Looking to improve your memory? Consider a short 45-minute "power nap," say German researchers who found that a daytime snooze can help you brain retain things it's learned.

The memory boost accompanies other benefits of some afternoon shut-eye, such as stress relief, mood improvement and increased productivity, they say.

While previous studies have shown that sleep can improve memory, the new study reported in the journal Neurobiology of Learning and Memory suggests even a short nap can aid the process in which learned information is moved into long-term memory storage areas in the part of the brain known as the hippocampus.

For the study, researchers at the Saarland University in German divided a collection of students into two smaller groups, each of which was tasked with learning 90 single words and 120 word pairs.

Since the word pairs were largely meaningless combinations the students would have never heard before — such as "milk-taxi" — they would have to access a memory of them in the hippocampus to recall them later.

After learning the words and the word pairs, one group watched DVDs as the other group took an hour-long nap, then both groups were tested on their ability to recall words.

The DVD group's recall was significantly worse than the napping group when tested on the word pairs, researchers say.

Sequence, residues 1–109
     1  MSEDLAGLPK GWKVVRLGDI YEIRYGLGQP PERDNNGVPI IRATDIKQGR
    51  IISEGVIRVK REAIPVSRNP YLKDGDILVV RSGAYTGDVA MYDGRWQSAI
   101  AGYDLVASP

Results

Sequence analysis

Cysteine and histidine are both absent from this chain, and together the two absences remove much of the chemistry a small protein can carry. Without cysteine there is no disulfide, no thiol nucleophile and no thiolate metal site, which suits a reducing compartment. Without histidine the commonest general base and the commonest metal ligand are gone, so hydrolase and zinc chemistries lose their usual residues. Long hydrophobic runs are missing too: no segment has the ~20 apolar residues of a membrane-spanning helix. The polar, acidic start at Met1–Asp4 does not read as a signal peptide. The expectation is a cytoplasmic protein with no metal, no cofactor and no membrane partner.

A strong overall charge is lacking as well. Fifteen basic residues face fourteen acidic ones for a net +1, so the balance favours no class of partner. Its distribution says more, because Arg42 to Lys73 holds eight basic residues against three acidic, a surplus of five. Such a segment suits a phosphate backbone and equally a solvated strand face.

"The memory performance of the participants who had a power nap was just as good as it was before sleeping, that is, immediately after completing the learning phase," says study lead author and neuropsychologist Axel Mecklinger.

"Even a short sleep lasting 45 to 60 minutes produces a fivefold improvement in information retrieval from memory," he says.

The researchers used electroencephalogram (EEG) tests in an effort to find out the mechanism by which napping was helping with memory.

They focused on a particular kind of brain activity known as "sleep spindles," a brief burst of activity that showed up on the EEG tests.

"The hippocampus, when awake, reactivates the neural firing pattern that was also active during learning," Mecklinger says. "This replay may produce 'tags' which are then used for consolidation during sleep."

The findings may not be much help for Americans, 50 percent of whom say they don't get enough sleep.

A 2011 survey of U.S. businesses found that only 6 percent provided nap rooms or areas for their employees.

Experts in sleep medicine said the findings of the new study are more evidence of the important benefits of sleep.

"Sleep and memory are very much linked with good evidence for the benefits of sleep on memory consolidation," says Adrian Williams, a professor of sleep medicine at King's College London. "So, our grandmothers were right — sleep on it."

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